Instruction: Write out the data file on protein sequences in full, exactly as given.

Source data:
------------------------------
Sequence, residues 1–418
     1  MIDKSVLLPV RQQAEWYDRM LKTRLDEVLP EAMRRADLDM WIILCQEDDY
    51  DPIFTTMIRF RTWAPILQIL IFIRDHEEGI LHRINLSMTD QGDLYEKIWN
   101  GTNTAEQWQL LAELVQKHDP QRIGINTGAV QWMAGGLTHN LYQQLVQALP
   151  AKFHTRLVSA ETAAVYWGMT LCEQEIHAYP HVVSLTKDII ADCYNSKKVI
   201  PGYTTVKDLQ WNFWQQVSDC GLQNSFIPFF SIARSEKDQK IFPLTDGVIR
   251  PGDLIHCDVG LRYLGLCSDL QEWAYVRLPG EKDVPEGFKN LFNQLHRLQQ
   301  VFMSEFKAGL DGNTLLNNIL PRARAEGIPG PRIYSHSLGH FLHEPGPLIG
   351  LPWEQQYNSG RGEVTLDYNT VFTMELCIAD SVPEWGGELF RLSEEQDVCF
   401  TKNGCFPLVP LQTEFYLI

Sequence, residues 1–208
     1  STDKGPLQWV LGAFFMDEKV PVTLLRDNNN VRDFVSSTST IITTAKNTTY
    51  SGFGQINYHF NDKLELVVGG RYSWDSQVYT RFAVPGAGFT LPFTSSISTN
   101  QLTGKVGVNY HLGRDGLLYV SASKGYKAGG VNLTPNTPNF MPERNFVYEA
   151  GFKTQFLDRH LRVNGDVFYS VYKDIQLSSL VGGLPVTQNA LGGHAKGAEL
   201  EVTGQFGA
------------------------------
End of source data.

Sequence, residues 1–418
     1  MIDKSVLLPV RQQAEWYDRM LKTRLDEVLP EAMRRADLDM WIILCQEDDY
    51  DPIFTTMIRF RTWAPILQIL IFIRDHEEGI LHRINLSMTD QGDLYEKIWN
   101  GTNTAEQWQL LAELVQKHDP QRIGINTGAV QWMAGGLTHN LYQQLVQALP
   151  AKFHTRLVSA ETAAVYWGMT LCEQEIHAYP HVVSLTKDII ADCYNSKKVI
   201  PGYTTVKDLQ WNFWQQVSDC GLQNSFIPFF SIARSEKDQK IFPLTDGVIR
   251  PGDLIHCDVG LRYLGLCSDL QEWAYVRLPG EKDVPEGFKN LFNQLHRLQQ
   301  VFMSEFKAGL DGNTLLNNIL PRARAEGIPG PRIYSHSLGH FLHEPGPLIG
   351  LPWEQQYNSG RGEVTLDYNT VFTMELCIAD SVPEWGGELF RLSEEQDVCF
   401  TKNGCFPLVP LQTEFYLI

Sequence, residues 1–208
     1  STDKGPLQWV LGAFFMDEKV PVTLLRDNNN VRDFVSSTST IITTAKNTTY
    51  SGFGQINYHF NDKLELVVGG RYSWDSQVYT RFAVPGAGFT LPFTSSISTN
   101  QLTGKVGVNY HLGRDGLLYV SASKGYKAGG VNLTPNTPNF MPERNFVYEA
   151  GFKTQFLDRH LRVNGDVFYS VYKDIQLSSL VGGLPVTQNA LGGHAKGAEL
   201  EVTGQFGA